By Patrick Starr

This week, Mayor Nutter signed Philadelphia's first green building law, requiring that new city-owned buildings of a certain size must meet heightened environmental standards. The mayor and City Council deserve credit for a measure that will improve the city's finances and sustainability.

Heating and cooling city-owned buildings costs taxpayers more than $30 million a year. With the cost of energy going up, this law meets an immediate need to reduce energy costs while meeting long-term goals to minimize waste, storm-water runoff, and water use.

Several years ago, a Pennsylvania Environmental Council report, "Building Green: Overcoming Barriers in Philadelphia," looked at how the city could become more competitive in the area of green development. The report found that the city's shortage of examples of green buildings and green technologies had inhibited the adoption of green building practices. Private-sector developers were often reluctant to risk trying something new.

The report called on the city to lead by example by implementing green strategies and proven technologies on its own projects before asking the private sector to do so. The suggestion was taken up by Councilwoman Blondell Reynolds Brown, who sponsored the green building bill.

Green buildings are designed to lower utility bills, reduce carbon emissions, conserve water, and reduce flooding. Furthermore, studies have found that green offices improve employee productivity, that children educated in green classrooms score higher on standardized tests, and that green homes are selling faster than conventional ones.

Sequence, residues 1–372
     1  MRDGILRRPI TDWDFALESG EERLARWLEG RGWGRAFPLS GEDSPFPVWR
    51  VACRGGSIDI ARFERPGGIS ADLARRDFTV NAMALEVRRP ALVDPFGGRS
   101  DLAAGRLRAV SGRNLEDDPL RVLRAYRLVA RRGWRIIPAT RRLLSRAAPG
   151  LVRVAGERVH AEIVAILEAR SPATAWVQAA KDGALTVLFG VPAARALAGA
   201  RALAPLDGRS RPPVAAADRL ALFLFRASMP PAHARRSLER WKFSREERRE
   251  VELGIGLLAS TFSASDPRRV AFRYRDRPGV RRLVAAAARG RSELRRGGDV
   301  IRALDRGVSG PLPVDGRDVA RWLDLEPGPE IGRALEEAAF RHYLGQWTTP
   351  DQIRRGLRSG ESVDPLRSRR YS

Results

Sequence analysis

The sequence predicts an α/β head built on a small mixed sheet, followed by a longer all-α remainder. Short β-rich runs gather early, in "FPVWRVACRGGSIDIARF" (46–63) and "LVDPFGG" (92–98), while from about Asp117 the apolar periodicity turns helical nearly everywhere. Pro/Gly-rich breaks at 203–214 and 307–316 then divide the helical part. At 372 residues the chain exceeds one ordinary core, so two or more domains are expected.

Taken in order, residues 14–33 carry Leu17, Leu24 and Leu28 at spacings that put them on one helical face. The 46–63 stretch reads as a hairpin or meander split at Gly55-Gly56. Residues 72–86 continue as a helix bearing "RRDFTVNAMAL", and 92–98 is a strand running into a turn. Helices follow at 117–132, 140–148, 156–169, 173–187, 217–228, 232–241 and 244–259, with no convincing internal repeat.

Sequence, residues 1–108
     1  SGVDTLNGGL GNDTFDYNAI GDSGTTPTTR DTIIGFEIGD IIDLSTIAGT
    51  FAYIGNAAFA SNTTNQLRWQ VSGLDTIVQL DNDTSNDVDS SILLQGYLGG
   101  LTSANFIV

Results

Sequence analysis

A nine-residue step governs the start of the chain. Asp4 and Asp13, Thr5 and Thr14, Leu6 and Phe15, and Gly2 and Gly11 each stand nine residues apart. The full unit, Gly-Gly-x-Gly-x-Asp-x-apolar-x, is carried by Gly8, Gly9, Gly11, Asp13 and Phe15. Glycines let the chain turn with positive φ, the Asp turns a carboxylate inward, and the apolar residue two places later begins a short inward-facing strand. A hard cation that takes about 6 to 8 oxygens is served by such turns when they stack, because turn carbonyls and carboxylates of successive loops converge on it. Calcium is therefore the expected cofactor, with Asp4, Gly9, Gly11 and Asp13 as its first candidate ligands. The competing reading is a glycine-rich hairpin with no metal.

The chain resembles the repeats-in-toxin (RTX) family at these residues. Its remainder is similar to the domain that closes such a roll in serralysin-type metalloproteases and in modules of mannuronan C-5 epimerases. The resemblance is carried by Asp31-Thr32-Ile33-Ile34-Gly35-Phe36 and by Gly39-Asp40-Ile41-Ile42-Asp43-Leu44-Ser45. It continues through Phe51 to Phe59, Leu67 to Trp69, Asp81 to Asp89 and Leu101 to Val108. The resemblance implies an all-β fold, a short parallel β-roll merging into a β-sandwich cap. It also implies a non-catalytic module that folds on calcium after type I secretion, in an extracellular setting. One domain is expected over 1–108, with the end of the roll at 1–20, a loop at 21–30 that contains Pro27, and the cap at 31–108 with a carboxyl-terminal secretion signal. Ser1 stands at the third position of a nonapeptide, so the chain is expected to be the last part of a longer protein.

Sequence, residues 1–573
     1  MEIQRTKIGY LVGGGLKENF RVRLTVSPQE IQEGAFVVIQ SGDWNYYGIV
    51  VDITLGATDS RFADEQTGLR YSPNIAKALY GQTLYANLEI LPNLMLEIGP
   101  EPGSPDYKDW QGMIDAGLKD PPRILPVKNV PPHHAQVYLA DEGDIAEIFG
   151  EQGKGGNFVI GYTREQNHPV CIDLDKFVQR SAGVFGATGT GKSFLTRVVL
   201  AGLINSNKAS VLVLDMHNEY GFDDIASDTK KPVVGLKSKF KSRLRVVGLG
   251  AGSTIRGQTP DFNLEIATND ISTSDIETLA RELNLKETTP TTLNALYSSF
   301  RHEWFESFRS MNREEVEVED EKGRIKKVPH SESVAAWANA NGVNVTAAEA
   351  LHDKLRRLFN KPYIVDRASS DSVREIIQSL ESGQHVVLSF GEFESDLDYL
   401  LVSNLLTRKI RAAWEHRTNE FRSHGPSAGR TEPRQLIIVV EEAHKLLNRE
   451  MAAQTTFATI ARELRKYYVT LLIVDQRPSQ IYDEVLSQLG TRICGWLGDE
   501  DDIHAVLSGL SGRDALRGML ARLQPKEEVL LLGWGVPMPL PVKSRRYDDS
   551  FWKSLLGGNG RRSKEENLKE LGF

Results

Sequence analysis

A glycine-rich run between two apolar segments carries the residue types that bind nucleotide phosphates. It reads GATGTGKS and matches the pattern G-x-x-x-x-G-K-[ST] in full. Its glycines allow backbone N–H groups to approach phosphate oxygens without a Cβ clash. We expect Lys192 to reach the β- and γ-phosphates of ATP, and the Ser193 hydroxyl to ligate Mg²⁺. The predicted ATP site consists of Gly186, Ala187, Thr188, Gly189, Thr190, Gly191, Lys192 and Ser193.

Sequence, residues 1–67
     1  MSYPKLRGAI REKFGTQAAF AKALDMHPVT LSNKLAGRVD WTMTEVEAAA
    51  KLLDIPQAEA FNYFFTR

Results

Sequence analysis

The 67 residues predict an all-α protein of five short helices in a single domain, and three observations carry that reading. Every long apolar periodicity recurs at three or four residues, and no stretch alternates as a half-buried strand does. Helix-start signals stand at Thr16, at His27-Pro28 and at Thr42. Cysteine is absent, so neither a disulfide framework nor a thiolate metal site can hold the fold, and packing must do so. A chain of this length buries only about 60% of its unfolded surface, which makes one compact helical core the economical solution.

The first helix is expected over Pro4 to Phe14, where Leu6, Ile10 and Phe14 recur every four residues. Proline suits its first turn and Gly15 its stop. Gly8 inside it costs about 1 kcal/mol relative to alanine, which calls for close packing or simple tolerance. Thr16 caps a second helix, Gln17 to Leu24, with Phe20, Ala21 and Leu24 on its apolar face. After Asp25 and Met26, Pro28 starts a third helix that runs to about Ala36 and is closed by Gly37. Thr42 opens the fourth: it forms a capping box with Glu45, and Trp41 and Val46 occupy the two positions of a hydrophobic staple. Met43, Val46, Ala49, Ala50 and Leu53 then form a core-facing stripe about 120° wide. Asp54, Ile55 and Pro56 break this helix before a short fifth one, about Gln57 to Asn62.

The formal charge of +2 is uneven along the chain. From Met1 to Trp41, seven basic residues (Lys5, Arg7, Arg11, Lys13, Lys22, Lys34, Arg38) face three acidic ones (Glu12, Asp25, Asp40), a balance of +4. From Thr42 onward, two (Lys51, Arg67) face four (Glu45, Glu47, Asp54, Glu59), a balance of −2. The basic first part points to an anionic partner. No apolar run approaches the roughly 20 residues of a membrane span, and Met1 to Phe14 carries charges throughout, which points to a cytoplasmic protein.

The city green building law will help Philadelphia catch up with other cities - including Los Angeles, Boston, and Dallas - that have already committed to environmentally responsible construction of public buildings. As of 2008, Philadelphia had only 30 structures certified by the U.S. Green Building Council. New York had 79, San Francisco 91, Portland 93, and Chicago 130.

This bill will help the city take the lead without imposing any regulations on the private sector. As the city rewrites its zoning code, prepares for a new comprehensive plan, and implements the sustainability goals outlined in "Greenworks Philadelphia," City Council and the mayor may look at tax credits and other incentives to promote green building on a larger scale. While barriers to building green still need attention, this law removes a big one and sets the tone for the future.

Patrick Starr is senior vice president of the Pennsylvania Environmental Council. He can be reached at pstarr@pecpa.org.